Today on The Startup Chat, Steli and Hiten talk about identifying & focusing on growth customers.
In the startup world, it’s common to want to prioritize customers that pay higher for your products, however focusing on these customers might not be the best way to optimize your business, as this customers might not necessarily be growing.
In today’s episode of the show, Steli and Hiten talk about what a growth customer is, the 2 types of money that come into any business, what is negative churn and much more.
Time Stamped Show Notes:
00:00 About today’s topic
01:00 Why this topic was chosen.
01:15 Who is a growth customer?
03:45 What is negative churn.
03:54 The 2 types of money that come into any business.
04:09 Why you need to identify your growth customers.
04:40 Why growth is a really crucial criterion to measure.
06:45 How identifying a growth customer can help you prioritize.
07:43 What companies are truly trying to do with their business.
3 Key Points:
When most startups look at a customer, they just identify today’s needs
Negative churn is the amount of revenue that’s being lost that is made up for by the amount that comes in.
There are 2 kinds of customers that’s coming in - new money, and existing customers paying you more money.
Steli Efti.: Hey everybody, this is Steli Efti.
Hiten Shah: And this is Hiten Shah.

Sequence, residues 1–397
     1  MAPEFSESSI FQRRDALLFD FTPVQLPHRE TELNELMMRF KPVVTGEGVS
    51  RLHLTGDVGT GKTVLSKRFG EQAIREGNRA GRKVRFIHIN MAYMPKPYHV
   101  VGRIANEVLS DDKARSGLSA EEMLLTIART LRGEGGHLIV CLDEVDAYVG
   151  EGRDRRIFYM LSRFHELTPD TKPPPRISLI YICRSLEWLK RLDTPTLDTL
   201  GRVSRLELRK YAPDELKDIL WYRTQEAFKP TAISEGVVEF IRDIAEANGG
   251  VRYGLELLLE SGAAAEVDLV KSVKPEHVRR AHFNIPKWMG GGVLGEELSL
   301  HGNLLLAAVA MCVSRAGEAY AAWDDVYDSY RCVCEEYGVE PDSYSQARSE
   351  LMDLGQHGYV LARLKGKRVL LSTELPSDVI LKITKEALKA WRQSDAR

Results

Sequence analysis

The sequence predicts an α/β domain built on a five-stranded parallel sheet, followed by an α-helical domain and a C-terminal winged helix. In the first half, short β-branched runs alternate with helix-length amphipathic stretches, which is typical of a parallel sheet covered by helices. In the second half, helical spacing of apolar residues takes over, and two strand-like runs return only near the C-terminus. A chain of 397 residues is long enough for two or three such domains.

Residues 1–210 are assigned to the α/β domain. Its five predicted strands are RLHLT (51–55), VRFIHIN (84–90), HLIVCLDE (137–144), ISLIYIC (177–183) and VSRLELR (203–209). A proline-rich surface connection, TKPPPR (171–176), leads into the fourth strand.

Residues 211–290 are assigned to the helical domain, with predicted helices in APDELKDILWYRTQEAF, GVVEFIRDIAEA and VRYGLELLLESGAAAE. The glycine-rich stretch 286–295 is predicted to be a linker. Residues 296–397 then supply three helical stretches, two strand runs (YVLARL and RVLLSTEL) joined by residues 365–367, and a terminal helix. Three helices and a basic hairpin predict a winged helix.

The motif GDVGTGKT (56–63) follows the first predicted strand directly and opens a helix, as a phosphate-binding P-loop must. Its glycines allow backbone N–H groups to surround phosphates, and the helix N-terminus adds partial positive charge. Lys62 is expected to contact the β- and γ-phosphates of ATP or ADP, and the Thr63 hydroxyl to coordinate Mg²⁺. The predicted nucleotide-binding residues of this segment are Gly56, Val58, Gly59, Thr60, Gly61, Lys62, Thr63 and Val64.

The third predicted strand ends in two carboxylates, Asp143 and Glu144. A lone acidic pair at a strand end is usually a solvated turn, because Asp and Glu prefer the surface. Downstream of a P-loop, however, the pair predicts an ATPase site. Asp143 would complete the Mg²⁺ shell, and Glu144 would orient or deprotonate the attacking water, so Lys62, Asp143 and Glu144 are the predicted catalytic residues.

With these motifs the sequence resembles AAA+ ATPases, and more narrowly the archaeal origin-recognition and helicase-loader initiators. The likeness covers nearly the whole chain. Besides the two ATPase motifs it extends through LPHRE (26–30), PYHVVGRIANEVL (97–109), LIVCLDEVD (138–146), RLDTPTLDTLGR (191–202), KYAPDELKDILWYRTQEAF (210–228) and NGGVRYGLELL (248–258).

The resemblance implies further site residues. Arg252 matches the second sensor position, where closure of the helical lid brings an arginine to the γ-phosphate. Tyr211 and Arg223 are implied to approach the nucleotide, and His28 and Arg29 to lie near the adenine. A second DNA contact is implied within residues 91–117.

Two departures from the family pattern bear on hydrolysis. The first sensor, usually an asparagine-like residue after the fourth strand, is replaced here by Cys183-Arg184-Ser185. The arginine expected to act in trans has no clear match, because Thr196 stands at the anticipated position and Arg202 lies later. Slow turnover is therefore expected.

Steli Efti: And today on the Startup Chat, we wanna talk about identifying and focusing on growth customers. Here's the deal, in episode 399 we talked about how to create an ideal customer profile. The ICP, Ideal Customer. Today what I wanna briefly talk to you about and share with our listeners is the concept of a growth customer. And here's what prompted this. So I've heard and thought about this in the past multiple times and we went through a transition in our company of starting to think and focus and identify growth customers a lot more. But recently I was talking to a company, I can't quite discuss who they are, but their VP of sales had a much stronger focus on this than I've ever seen before and I felt that that was fascinating and interesting to dissect. What they're doing, they're building the sales organization. They're focusing on only selling to a specific type of customer. And one criteria that an Account Executive has to check off to even be allowed to sell to somebody is that they're going to be a growth, what they call a growth account. What that means is that whatever the needs is of the customer today is going to significantly grow within next 12 to 18 months. A simple example of this is today they have ... Whatever, let's say three people that work in their marketing team, would need seats or access to this product, but their hiring plans are so that the marketing team is gonna grow from three people to 11 people in the next 12 months, so they're gonna need 11 seats and they are a growing marketing organization. So, their criteria of selling, being able to close a contract and close a deal is that the customer, it doesn't matter how big the customer is. It can't stay still. It has to be a growth account. It has to be a customer that's gonna grow significantly over the next 12 months. I thought that that was very interesting, but I thought also that it related interestingly or usefully to our ideal customer profile episode of the, I think, this mindset that a lot of times, when startups look at a prospect or at a customer, they just identify today's needs, right? How big is the customer today? What is their use case today? What are the requirements today? One thing that a lot of startups don't do a good enough job is to identify how are these needs, these use cases and the potential revenue we can make with this customer? How is this going to change over the next 12 to 18 months and is this going to sta...